Post by Randall Ryder
Earlier this year, the state of Arizona passed a new immigration law that generated a tremendous amount of controversy. The Governor of Nebraska recently said he would strive to pass a similar law in his second term. Will more states pass immigration laws?
Under the Arizona’s law, police are required to check the citizenship or residency status of anyone they suspect to be an illegal immigrant. Under federal law, immigrants are already required to register with the government and carry their paperwork with them. Critics of the bill argued the law essentially sanctions racial profiling, and unfairly targets Hispanic individuals. At the same time, the bill did have a slight majority of support among the nation, with 51% of people nationwide indicating they supported the law.
In July, a judge agreed with the critics and blocked key provisions of the law. The judge expressed concerns about illegal aliens being swept up by local police, and also expressed concerns the law treads on federal authority to handle immigration. The Governor of Arizona had promised to appeal the judge’s decision and the issue may ultimately land before the Supreme Court.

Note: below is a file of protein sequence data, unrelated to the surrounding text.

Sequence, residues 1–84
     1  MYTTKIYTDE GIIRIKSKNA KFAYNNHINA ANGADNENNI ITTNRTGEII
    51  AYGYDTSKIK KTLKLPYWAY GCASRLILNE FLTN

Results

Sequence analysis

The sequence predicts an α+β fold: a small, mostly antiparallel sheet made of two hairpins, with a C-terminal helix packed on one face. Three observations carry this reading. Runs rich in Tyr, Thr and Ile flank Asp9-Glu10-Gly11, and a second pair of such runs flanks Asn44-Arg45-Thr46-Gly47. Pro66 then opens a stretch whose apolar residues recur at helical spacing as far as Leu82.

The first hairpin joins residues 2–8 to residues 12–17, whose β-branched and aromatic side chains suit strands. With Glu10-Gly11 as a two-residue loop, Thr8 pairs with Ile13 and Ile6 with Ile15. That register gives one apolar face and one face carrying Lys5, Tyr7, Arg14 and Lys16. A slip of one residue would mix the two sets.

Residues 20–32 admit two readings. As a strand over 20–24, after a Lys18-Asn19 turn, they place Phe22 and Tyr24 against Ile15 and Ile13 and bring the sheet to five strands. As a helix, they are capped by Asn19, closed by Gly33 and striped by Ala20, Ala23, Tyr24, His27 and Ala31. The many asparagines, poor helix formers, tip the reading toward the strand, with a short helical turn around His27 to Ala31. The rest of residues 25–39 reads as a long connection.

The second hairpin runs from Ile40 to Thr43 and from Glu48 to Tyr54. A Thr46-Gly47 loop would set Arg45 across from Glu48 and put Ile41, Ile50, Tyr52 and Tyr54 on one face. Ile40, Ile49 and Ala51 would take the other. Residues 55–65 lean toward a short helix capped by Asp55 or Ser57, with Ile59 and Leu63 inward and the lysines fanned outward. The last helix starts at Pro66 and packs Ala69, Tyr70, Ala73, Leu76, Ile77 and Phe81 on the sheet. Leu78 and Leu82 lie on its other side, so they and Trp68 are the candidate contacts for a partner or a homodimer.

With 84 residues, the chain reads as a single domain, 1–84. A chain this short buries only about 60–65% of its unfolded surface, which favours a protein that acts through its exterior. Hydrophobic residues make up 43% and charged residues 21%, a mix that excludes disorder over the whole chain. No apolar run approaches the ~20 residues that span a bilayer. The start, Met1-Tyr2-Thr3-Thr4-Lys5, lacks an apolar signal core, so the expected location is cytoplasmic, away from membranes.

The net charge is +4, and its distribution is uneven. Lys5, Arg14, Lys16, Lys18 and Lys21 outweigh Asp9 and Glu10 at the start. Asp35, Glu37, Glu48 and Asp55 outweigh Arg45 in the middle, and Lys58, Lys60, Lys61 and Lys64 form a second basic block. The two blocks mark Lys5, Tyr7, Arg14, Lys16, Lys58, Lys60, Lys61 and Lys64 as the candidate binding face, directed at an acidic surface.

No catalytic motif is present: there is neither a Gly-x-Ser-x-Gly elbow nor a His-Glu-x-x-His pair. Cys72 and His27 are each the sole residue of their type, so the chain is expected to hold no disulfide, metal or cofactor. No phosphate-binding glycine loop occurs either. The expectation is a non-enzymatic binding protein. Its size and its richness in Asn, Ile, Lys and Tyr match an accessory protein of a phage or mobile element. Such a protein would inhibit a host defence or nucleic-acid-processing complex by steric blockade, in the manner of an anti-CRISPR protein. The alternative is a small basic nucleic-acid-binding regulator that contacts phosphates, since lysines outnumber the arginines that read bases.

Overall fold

Although immigration is still a hot topic, it is unclear whether more states will try and enact similar laws. For one, the Arizona law is essentially in limbo right now—the legality of it has not been decided. It seems unlikely that other states would enact their own law patterned after a law that may or may not be legal. The Arizona law seems to fall under criticism on two major grounds: racial profiling and perhaps an undue invasion on federal authority.
Even if a state could draft a law that has the same purpose as the Arizona law, but does not tend to lead to racial profiling, the state would still face questions about whether immigration is a state or federal issue. Up to this point, caselaw seems fairly straightforward that immigration is federal, not state issue.
In addition, given the immense public backlash against the Arizona law, some politicians could be leery about offending their constituents or alienating their supporters. At the same time, some politicians might be interested in trying to pass a law for that same reason—to rally support among voters. The bottom line, however, is that Arizona’s law is an unknown quantity at this point, which makes it seemingly unlikely other states will follow suit until there is clarity on the issue.